Dr. Sarah Redmond
The Multiplier Effect
The multiplier effect of Waste Minimisation is an ongoing learning curve for us. We have a starting point, our houses that have been diverted from being demolished and becoming landfill. That's a good 25 tonnes of "not waste" right there. Watching these worn out houses be returned to the state of being warm and attractive homes is deeply satisfying, as is watching the progress the rangatahi make on site as they become more and more competent at responding to the needs of the house as their skills and understanding develop.
Seeing beautiful old timber rescued from one house being used as flooring in another house is also deeply satisfying. Taking metal in for scrap, using off-cuts to make beautiful and practical household items such as breadboards and tables is good for the soul, as the tired old wood is planed, sanded and crafted into beautiful new objects that smell and feel like they have a bit of magic in them.
However, on site there are also conundrums about what to do with the waste that is not easily managed. We have old wall linings with paint coatings of which we don't know the composition, we have very old carpets and curtains and the packaging that comes with pretty much anything we buy. We also have a busy site with around 20 people a day eating, drinking and working. So we have food waste (mostly worm bin and compost), we have food wrappers, tea bags, milk cartons, all the plastic from things like toilet paper wrappers and bread bags. We have things that break which can't be fixed, windows and fireplaces that are now obsolete and broken, scratched and worn safety glasses and helmets which we can no longer use.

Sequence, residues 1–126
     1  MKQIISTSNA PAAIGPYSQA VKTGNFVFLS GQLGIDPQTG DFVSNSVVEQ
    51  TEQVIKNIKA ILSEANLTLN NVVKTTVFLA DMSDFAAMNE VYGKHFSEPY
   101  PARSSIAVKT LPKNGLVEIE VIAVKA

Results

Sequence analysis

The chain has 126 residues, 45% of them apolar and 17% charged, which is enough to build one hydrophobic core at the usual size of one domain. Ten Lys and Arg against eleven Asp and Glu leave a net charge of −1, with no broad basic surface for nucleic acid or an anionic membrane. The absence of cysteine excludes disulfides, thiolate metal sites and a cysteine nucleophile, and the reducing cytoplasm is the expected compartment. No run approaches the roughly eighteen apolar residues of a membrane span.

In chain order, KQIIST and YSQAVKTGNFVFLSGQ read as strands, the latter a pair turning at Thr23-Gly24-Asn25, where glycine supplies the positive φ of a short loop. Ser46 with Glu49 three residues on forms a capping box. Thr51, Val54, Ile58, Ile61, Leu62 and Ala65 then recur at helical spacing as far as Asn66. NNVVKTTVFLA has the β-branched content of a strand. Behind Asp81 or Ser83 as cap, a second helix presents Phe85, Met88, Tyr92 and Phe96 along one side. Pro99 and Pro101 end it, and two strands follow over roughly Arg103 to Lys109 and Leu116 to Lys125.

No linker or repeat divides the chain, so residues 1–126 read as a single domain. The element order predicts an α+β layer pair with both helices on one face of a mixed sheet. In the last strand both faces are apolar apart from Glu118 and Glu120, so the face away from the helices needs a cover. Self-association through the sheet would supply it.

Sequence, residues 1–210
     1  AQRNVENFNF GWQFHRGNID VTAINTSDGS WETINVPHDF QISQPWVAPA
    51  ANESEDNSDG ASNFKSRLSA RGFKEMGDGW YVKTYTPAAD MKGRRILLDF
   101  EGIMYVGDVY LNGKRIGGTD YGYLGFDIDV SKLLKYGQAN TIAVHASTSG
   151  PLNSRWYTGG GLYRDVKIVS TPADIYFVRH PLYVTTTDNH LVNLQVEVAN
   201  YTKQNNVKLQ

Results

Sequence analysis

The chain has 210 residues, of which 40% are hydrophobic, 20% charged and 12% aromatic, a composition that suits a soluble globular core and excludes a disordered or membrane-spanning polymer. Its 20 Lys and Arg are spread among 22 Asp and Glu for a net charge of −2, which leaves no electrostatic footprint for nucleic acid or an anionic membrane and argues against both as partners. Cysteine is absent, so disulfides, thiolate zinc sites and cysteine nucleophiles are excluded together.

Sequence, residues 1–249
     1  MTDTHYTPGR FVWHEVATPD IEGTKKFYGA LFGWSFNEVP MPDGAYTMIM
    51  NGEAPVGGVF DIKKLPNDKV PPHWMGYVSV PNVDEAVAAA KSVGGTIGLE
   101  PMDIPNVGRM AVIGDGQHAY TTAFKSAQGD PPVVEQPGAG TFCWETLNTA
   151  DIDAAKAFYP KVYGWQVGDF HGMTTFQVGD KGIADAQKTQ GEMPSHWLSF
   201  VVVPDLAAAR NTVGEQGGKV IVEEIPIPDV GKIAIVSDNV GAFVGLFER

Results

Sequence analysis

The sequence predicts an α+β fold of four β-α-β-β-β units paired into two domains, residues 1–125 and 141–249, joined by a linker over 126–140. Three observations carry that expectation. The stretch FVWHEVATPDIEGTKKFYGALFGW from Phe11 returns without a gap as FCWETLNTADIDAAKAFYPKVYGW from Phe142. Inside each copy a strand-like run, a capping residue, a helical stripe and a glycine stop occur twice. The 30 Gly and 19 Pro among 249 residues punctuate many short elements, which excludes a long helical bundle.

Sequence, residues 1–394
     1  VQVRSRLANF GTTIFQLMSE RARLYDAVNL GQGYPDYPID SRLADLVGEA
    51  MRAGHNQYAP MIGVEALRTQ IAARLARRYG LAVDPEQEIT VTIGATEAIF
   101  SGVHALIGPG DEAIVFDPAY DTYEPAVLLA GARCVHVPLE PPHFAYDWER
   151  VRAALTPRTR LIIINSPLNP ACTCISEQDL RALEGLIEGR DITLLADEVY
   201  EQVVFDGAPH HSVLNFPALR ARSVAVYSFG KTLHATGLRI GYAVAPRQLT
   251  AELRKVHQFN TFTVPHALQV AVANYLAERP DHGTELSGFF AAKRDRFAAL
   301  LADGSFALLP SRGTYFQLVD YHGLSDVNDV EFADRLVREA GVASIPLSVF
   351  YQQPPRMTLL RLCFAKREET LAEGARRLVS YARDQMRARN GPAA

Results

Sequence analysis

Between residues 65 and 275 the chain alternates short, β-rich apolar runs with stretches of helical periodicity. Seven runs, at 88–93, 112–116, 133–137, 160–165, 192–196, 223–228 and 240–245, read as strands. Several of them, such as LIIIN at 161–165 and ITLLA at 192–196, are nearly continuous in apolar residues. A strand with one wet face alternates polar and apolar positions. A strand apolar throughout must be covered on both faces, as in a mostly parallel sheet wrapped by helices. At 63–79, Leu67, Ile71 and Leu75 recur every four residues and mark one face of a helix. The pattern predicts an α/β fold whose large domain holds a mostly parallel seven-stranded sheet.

We are trying some new things - we are using the old carpet as weed matting to try and keep down some of the weeds on what is a very large site, we've added a compost bin to our worm farms and Willie takes the scrap metal and sells after which he then shouts the students to lunch and some unwinding at the driving range. We try to sell things that we can't use and we use second hand as much as possible, including all our office furniture, BBQs and small kitchen appliances.
We have some big ticks on our waste minimisation journey. We also have waste that is challenging to manage, a combination of construction waste and the waste generated by having a lot of people on site, all who need to be kept safe, fed and hydrated. We have been lucky enough to have Mark Roberts from Auckland Council Waste Minimisation show us other construction sites that are successfully minimising their waste. That has given us great insight into what we can do well and where we need to think a bit harder as well as inform ourselves more. Given the diversity of waste generated on a construction site there isn't any one solution. Rather it is a number of responses and processes that help reduce waste. Sometimes it is overwhelming again because of the diversity of waste on site. But we are on this journey and each step helps us get to where we want to be…so we will keep on stepping!